Q&A with President-Elect Cody Carlson

Beginning in April 2020, the “B” Association will feature a Q&A segment with members of the association’s leadership in its spring and summer membership newsletters. 

Cody Carlson was a star quarterback for the Baylor Bears (’83-’86) who went on to play seven seasons in the NFL for the Houston Oilers. Known by his teammates as “Commander Cody,” Carlson is an author, community leader, and voracious reader. Carlson currently lives in Waco with his wife Barbara and has three children: Anna and Micah (age 23) and Isaac (age 17).



What is your current occupation?

I work as a business development and communications specialist in healthcare. I currently work in the healthcare business solutions space. I have also worked representing healthcare clients before the Texas State Legislature and as a communications coordinator at a children’s hospital.

What led you to a career in that field?

I was working as a communications consultant in 2003 when our youngest child, Isaac, was born. I had very little understanding of the healthcare system, particularly the complexities of access to comprehensive medical care because access to medical care I received as a student and professional athlete was handled by others. But during his first eight years, Isaac required multiple specialized procedures at several different hospitals and clinics in multiple cities. It was when we were handling Isaac’s needs that I started to imagine how difficult it must be for some to understand where to go for medical care because of language barriers or a lack of insurance. I applied for and was then hired for a position at the local children’s hospital in Austin to develop communication and education that would benefit primary care physicians and the patient population that the hospital served.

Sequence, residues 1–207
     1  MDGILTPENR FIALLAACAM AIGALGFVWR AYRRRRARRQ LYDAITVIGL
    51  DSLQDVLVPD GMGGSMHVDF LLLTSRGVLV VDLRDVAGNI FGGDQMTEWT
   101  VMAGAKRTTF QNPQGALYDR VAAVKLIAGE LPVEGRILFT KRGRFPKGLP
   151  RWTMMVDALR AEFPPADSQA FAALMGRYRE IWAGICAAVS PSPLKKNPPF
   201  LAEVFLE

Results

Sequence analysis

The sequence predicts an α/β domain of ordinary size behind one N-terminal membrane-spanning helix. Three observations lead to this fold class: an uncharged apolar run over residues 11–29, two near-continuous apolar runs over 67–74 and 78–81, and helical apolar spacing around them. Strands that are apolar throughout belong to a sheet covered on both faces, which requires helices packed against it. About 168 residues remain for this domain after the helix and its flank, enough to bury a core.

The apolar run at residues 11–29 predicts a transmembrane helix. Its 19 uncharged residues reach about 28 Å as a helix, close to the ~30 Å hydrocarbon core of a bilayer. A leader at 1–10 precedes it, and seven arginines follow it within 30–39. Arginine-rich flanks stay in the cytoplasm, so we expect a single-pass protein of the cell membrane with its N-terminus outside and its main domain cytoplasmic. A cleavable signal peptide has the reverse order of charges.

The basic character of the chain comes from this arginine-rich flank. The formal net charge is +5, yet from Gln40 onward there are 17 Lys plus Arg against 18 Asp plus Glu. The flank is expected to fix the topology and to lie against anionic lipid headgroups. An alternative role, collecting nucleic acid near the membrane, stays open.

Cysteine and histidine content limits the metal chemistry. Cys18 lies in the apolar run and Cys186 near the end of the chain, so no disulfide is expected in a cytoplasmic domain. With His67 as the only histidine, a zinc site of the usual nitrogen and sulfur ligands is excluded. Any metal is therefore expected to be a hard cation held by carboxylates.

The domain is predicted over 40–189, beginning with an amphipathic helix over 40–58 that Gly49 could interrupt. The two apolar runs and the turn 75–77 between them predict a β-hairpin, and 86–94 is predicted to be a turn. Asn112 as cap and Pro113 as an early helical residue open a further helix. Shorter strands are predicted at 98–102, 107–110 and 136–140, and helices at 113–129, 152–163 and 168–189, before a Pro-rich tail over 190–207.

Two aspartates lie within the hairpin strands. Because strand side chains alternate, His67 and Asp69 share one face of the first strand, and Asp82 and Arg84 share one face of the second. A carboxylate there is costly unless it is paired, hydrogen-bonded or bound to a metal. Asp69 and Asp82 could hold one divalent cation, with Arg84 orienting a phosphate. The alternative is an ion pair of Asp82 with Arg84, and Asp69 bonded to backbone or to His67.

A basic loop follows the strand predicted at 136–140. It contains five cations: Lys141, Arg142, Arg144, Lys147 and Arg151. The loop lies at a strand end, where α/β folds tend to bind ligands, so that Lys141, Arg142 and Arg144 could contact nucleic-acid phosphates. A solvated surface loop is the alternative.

Has your job given you greater insight into the COVID-19 pandemic? If so, in what way?

Because the novel corona virus that causes the COVID-19 is indeed “novel” or previously unknown, there isn’t anyone who knows what to expect, fully. Those in direct medical care have insight into how difficult the disease is to treat, and those in medical research have gained knowledge of origin, potential risks and potential prevention. I can remark on how hard it is for the healthcare industry, and assume what changes in the healthcare delivery system might result. I can tentatively compare this crisis to the 2009 outbreak of a new variant of H1N1 when I was an administrator. That virus was most serious to the population under 60 (it is thought the older population had some antibodies from a previous and milder version). A similar immunity should occur with this pandemic. It took 8 months to develop a large quantity of vaccine for the 2009 H1N1. It seems plausible that the development of a vaccine for this Coronavirus will follow that form. The H1N1 variant first seen in 2009 still circulates within the world’s population. I assume this or another form of Coronavirus will also be an ongoing factor, so we will have to come to terms with that and move forward wisely. The economic, school and social shutdown required to slow COVID-19 is more disruptive than any other situation we have known. We all realize we will be required to persevere through some difficult days in order to recover. And normal might be different moving forward. But there is good that can/will come as well. Maybe we are finding, or will re-discover, joy in simple things, or prioritize things differently, and live life better as it comes each day.